Selecting the right Ink
Neopost’s Product Manager for large format Morgan Quinn, Talks about the rise of Latex inks and the pros and cons of Latex inks, UV inks, Dye sublimation inks and their distinct applications.
As a solutions provider in business mailing, print finishing and large format printing, Neopost Australia has its eye on the gamut of wide-format inks available on the Australian market. Morgan Quinn, product manager of Neopost Australia’s wide format division, sees a strong uptake in HP’s latex inks for a variety of printing segments. “The ability to produce onto a wider range of substrates without the need to outgas before finishing -- particularly laminating -- has meant that turnaround times can be drastically reduced. The ability to print onto uncoated and treated media, such as papers, textiles and films, has also opened up new potential revenue streams for printers.” He believes the properties of latex inks – which in fact are pigmented, water-based inks with a latex polymer -- means indoor and outdoor applications can be produced from the same machine without having to worry about outgassing or the outdoor durability of the inks. Latex inks are also adept at handling vinyl and banner prints, such as car wraps, signage, POS/POP, papers, films, treated and untreated textiles, paper stocks, wall graphics, and interior decoration, such as synthetic leathers, as well as canvas prints.
In general, Quinn sees both pigment and dye-based aqueous inks as having their distinct applications. “Dye-based inks have excellent colour vibrancy but are not water or UV resistant, making them suitable for shorter-term indoor uses, such as promotional posters and prints onto films. Pigment-based inks are water resistant and also are UV light-fast, making them suitable for longer-term indoor applications, such as longer-life prints in retail window displays, as well as applications such as canvas and lightbox/backlit film prints.” Quinn also sees UV-based inks experiencing growth in recent years. “Lower costs of entry, coupled with increased machine productivity and versatility, has enabled a greater number of print providers to take up direct-to-substrate printing. UV is particularly popular for POS/POP, as UV curable printing and inks have become a suitable alternative to shortand medium-run on-demand work. These types of jobs were previously being done on technologies such as screen printing. However, UV curable has the ability to produce variable-data jobs with much lower setup costs. “UV curable inks are great for numerous rigid and flexible applications,” he says. “These include foam boards, corflute, ACM (aluminium composite panel), woods, glass and metals. They are also good for numerous flexible printing applications such as vinyls, banners and fabrics.” However, he cautions that many UV inks have limited flexibility, so are not typically used for applications requiring a great deal of flexibility and stretch (such as car wrapping). And he sees a strong market for dyesublimation inks, which have diverse applications, including textiles, such as flags, clothing, sportswear and apparel, and POS/POP textile displays. They can also be used to sublimate onto rigid surfaces, such as polyester-coated metals - for example, ChromaLuxe - and onto mugs, key chains and phone covers.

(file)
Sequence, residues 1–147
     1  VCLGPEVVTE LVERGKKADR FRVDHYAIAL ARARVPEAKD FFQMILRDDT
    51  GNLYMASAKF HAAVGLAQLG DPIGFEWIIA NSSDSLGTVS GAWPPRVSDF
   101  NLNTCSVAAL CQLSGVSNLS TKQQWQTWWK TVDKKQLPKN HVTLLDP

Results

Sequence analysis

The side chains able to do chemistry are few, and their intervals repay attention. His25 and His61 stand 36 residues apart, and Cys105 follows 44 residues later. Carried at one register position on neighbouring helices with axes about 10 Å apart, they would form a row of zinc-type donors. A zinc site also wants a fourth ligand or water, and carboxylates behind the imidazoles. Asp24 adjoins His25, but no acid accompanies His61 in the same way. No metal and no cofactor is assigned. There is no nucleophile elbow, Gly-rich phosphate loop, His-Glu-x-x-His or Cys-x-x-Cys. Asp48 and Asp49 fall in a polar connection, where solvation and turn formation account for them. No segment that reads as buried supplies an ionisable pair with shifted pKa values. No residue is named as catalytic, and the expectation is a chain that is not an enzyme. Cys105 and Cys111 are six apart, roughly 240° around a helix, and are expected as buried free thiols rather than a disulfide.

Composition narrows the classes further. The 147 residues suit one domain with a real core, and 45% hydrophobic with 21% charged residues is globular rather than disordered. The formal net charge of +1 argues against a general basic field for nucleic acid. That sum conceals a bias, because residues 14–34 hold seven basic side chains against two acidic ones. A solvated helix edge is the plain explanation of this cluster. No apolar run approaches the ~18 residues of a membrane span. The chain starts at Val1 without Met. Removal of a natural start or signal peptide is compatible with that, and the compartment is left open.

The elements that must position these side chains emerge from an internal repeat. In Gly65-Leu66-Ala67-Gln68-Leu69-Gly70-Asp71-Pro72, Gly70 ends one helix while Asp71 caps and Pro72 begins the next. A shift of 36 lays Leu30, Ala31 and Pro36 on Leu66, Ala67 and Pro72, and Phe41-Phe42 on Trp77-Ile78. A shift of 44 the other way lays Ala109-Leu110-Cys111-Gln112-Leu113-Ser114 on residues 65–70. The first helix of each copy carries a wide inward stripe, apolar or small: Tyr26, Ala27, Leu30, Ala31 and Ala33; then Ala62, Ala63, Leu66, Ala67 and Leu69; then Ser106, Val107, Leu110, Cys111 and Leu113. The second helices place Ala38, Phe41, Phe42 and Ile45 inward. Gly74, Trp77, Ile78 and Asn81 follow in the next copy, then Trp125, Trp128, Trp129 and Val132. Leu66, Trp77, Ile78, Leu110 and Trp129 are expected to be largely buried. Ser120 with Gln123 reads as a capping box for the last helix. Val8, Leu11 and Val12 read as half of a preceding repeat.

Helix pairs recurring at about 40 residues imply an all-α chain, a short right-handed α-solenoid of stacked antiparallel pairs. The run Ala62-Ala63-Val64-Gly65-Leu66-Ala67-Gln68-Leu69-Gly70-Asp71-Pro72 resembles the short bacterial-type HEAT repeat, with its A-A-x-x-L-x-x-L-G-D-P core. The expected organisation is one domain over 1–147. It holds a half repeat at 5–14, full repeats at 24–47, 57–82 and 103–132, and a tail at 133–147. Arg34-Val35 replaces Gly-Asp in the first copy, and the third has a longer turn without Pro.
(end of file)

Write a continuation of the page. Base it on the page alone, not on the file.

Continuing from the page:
Sourced Proprint July 2016
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